St Kilda, one of the Outer Hebrides, is the most isolated part of the United Kingdom, now having no permanent population. It had a population until 1930. Until the 20th century life was very hard but the population was able to sustain itself at a near subsistence level. Then it became dependent on tourism and imports. During the First World War supplies were maintained by the Royal Navy and when this stopped the feeling of isolation was heightened. After some major epidemics they applied to be repatriated to the mainland.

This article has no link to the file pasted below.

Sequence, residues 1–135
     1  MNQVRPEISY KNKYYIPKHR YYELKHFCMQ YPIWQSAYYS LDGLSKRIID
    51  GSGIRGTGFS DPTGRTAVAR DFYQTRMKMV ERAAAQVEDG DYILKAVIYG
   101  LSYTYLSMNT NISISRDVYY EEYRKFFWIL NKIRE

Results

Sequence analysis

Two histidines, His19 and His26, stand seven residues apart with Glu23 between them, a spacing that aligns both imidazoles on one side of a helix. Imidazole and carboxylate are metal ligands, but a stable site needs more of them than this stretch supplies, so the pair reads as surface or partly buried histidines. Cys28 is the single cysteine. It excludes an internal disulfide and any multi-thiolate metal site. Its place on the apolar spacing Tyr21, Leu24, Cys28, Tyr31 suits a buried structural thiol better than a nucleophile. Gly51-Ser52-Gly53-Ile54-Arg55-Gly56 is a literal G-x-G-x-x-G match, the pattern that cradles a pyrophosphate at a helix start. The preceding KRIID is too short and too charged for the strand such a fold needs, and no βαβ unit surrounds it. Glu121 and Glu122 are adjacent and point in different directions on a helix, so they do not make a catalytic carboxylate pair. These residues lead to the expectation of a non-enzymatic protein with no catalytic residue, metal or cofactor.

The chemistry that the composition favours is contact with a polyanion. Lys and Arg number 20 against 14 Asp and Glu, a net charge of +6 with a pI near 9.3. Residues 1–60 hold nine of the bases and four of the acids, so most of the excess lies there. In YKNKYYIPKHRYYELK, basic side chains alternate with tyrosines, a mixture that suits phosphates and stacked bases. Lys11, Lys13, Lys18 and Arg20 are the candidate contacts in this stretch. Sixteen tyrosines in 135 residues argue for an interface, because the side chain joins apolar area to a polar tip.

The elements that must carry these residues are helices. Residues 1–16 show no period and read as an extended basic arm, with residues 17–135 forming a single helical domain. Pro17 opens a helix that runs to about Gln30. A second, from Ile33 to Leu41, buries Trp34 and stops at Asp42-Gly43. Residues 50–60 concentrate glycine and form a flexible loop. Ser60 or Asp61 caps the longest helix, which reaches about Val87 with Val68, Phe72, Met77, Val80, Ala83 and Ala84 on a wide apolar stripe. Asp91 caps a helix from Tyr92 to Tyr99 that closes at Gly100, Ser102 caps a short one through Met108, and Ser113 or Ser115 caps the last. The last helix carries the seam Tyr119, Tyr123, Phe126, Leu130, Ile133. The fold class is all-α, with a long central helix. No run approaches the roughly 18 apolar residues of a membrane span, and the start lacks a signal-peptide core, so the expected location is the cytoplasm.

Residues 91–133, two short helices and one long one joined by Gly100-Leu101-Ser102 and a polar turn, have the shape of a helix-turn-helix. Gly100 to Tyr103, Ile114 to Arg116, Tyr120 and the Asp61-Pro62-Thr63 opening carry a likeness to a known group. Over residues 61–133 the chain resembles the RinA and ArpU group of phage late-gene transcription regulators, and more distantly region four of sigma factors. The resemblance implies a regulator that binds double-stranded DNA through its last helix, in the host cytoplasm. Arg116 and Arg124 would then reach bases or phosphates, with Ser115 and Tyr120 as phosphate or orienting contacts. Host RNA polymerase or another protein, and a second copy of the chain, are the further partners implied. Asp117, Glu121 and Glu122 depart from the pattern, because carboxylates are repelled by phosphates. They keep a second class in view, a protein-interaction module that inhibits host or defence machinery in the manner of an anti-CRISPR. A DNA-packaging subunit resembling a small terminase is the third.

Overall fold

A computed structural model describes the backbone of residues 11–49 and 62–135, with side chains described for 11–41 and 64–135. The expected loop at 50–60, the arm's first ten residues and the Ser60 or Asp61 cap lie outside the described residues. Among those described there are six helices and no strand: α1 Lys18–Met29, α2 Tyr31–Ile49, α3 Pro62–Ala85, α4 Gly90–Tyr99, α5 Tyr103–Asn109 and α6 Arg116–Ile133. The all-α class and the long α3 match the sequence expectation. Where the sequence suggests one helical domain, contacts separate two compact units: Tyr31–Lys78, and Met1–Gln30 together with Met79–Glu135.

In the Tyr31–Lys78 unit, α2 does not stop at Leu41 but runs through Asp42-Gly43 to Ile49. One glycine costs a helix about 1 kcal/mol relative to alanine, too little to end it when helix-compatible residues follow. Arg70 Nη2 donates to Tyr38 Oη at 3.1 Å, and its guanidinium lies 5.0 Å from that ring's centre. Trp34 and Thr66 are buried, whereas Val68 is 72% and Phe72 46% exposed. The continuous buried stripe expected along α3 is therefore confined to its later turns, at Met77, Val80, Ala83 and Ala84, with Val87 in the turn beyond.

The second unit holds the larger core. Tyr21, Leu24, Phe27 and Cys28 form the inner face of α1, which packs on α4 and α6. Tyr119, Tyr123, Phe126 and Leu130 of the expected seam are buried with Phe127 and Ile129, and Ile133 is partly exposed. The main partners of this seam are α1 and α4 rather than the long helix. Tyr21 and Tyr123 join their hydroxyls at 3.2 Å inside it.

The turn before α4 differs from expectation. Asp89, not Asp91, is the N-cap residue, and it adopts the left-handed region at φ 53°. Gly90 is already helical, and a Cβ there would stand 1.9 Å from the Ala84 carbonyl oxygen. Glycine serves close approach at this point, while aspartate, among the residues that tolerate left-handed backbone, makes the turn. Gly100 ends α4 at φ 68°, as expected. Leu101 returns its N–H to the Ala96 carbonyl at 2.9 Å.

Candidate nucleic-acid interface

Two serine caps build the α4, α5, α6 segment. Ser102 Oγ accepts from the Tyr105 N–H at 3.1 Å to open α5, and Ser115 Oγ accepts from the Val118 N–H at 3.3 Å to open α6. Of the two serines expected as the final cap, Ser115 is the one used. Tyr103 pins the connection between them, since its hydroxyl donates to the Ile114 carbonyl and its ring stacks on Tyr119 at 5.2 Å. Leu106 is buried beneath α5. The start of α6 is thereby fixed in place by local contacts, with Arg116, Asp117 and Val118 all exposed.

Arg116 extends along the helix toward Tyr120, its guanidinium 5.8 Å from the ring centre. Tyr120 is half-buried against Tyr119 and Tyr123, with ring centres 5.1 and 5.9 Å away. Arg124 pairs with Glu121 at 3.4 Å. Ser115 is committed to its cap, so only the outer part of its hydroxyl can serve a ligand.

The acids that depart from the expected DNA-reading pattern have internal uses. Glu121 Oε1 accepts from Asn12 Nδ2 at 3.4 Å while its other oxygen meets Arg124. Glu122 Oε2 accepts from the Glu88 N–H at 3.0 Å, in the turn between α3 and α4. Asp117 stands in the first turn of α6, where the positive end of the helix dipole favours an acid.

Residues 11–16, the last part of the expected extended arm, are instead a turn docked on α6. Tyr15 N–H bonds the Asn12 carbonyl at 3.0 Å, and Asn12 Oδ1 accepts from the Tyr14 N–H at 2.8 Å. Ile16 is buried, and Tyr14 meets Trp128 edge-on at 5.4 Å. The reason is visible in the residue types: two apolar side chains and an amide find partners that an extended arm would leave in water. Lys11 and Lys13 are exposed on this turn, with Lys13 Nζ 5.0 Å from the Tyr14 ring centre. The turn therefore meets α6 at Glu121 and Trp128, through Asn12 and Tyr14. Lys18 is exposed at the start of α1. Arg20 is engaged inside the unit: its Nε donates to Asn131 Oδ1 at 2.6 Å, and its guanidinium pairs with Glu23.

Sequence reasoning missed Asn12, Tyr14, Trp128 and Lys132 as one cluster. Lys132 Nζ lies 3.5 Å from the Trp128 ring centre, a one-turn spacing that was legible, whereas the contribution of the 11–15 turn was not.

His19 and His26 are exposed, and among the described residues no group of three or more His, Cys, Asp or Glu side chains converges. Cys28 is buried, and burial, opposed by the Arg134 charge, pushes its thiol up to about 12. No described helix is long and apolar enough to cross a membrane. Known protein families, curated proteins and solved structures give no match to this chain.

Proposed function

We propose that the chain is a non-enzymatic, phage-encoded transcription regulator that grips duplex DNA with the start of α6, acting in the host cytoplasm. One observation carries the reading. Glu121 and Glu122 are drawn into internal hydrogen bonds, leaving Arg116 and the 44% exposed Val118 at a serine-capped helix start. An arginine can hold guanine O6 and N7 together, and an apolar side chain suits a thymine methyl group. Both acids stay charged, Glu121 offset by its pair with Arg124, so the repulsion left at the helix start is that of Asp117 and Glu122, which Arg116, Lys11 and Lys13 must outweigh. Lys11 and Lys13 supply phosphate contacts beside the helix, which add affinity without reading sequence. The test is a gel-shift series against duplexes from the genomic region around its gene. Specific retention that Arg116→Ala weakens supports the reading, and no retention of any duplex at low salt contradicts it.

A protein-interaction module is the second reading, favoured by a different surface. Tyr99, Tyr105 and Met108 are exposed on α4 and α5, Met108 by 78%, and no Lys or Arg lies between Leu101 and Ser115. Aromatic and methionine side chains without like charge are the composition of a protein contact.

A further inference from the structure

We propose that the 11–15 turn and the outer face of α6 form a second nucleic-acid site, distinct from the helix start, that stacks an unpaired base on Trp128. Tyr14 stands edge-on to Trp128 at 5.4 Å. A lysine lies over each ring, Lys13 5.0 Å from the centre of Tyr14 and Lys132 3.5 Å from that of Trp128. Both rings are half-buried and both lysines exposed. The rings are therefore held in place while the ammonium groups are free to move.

The island now belongs to the National Trust for Scotland and is a major wildlife reserve. It can be reached by helicopter from Benbecula in 20 minutes or by boat from Harris in a few hours - a difficult crossing over the open Atlantic.
St Kilda is placed on the UNESCO World Heritage List and has plenty of sights:
A typical maritime climate with cool summers and mild winters. Spring is the driest time, but rain is common throughout the year. It rarely freezes in winter, but summer sees highs of below 20 °C almost every day.
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